In our latest Eye on Milig column, Leslie Maxwell and Alistair McIntyre conclude their two-part look back at the circuses which visited the Helensburgh and Lomond area during the 20th century.

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ANOTHER example of a famous circus which beat a path to Helensburgh was Sir Robert Fossett’s circus.

The title ‘Sir’ was self-awarded, legend having it that this was done to counterbalance the elevated status enjoyed by ‘Lord’ George Sanger.

Although ‘Sir’ Robert died in 1922, that designation was retained as the name of the circus.

The Fossett circus boasts a long pedigree. Although smaller than the likes of Bertram Mills and Billy’s Smart’s, it outlived them, surviving two World Wars and the reign of five monarchs.

Some accounts trace their origins to the Highlands. However Robert Fossett and his bride Emma Yelding set up their circus in London in 1852, and it was their son, also Robert, who distinguished himself with the title ‘Sir’.

The Fossetts were related to another well-known circus family, the Pinders.

The Fossetts were famous for their unusual combination of red hair and blue eyes — in the 1930s, a noted equestrian act featured eight red-headed riders astride a single horse.

A family member, Jacko Fossett, became one of the most celebrated clowns of the last hundred years, appearing with just about every major circus in Britain and Europe.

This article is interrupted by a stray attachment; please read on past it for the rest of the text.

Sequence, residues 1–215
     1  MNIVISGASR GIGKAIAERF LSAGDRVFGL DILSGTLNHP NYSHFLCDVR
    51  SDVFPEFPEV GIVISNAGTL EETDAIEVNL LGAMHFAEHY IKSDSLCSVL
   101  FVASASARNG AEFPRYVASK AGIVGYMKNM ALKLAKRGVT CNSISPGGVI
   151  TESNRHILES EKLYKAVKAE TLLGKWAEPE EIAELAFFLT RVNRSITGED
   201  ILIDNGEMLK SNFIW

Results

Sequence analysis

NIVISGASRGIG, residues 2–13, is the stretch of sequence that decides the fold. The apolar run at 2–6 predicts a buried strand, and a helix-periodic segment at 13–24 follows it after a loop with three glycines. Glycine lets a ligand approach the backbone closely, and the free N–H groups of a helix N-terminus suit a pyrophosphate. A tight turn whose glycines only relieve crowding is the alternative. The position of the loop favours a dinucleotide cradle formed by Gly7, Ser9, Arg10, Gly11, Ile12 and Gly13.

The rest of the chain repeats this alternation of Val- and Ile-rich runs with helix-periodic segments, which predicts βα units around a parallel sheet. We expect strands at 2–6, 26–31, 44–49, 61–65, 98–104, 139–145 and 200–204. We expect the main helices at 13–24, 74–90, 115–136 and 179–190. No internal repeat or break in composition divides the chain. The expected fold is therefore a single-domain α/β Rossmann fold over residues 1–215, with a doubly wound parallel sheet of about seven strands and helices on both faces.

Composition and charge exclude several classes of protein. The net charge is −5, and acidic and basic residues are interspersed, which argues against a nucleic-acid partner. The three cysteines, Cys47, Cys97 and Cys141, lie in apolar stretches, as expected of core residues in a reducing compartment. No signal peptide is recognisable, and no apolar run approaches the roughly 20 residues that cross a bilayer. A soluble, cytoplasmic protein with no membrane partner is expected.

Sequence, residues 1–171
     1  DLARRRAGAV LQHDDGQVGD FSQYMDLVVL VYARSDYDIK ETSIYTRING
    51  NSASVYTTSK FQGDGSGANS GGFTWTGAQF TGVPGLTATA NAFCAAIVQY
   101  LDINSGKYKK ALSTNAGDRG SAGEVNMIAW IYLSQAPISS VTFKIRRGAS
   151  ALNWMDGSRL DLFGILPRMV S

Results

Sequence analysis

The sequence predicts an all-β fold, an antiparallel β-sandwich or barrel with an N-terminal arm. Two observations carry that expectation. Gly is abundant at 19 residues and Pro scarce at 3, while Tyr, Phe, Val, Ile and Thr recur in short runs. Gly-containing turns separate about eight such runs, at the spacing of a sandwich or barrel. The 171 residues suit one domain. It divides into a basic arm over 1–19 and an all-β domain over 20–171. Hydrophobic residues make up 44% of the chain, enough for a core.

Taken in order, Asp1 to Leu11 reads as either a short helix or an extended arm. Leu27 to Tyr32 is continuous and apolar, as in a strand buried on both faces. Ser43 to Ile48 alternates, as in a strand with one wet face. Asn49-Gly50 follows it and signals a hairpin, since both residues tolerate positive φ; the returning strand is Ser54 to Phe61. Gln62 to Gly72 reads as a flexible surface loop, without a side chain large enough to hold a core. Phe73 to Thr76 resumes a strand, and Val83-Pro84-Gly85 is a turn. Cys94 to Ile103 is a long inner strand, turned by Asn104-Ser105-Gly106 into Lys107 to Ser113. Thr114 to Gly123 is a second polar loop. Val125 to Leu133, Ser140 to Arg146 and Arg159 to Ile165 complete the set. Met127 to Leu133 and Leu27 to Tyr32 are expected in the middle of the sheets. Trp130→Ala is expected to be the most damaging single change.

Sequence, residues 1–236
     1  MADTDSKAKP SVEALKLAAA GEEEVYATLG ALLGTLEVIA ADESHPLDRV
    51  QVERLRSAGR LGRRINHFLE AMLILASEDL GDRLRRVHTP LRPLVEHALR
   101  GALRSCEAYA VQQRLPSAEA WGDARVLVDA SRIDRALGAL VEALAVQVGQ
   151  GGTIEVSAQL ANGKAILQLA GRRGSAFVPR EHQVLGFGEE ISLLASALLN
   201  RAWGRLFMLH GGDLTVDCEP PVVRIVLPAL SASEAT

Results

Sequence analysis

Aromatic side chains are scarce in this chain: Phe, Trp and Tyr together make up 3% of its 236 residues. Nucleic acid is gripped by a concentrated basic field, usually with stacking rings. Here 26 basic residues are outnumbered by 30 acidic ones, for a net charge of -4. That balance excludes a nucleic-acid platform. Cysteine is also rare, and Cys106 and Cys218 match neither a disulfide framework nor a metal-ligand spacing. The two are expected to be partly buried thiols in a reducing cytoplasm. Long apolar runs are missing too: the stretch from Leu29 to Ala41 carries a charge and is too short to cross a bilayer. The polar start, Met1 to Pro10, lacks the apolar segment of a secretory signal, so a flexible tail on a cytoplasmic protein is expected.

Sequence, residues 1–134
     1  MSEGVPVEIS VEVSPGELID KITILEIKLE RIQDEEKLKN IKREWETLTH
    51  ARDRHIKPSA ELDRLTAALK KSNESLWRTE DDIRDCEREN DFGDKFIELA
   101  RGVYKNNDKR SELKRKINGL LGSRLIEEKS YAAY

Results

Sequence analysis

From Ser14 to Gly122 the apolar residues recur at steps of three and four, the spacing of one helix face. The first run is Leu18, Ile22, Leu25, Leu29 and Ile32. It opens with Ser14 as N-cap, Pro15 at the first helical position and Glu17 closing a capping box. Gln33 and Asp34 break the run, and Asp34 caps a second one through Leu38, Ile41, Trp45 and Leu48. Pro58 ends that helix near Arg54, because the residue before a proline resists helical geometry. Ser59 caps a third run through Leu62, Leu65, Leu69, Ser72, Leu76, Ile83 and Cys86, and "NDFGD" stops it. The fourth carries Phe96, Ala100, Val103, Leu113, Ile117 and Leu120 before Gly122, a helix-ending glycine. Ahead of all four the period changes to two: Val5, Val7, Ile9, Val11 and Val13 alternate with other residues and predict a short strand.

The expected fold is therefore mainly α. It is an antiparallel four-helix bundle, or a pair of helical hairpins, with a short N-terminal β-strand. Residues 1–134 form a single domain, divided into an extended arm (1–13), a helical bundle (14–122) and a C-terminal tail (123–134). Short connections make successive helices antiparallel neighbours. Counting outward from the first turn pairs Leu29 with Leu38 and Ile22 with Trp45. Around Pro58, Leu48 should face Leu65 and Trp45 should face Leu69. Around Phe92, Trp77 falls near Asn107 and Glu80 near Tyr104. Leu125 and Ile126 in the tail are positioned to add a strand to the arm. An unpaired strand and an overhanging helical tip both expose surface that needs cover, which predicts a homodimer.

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Fossett’s circus visited Helensburgh on a number of occasions, but the first reported local performance took place in 1970 in East King Street Park, by then the usual location for circuses.

Many circuses only came for a single day, but in this case, the application was for three days.

One audience member wrote: “Tigers, spinning trapeze artistes, majestic horses, whip-cracking cowboys, exploding clown cars, plate spinning, knife-throwing, and even a human cannonball, all passed in an amazing kaleidoscopic succession.

“But it was the sight of five massive elephants thundering into the ring and being put through their paces by Robert Fossett and Goldie, that I will never forget.

"Still, to this day, it was one of the best circus acts I have ever seen.”

Audiences also found a particular appeal in what they perceived as exotic acts and performers. Buffalo Bill’s American Indians were a source of great fascination.

Another circusgoer recalled an act from Fossett’s circus: “The great attraction was a troupe of Arab acrobats: how we gasped at the speed and the furious antics of these strange men!”

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The high regard in which Fossett’s circus was held is exemplified by their association with big names like John Lennon and the Rolling Stones, while one of their elephants, ‘Aga’, starred in the film 'Elephant Boy'.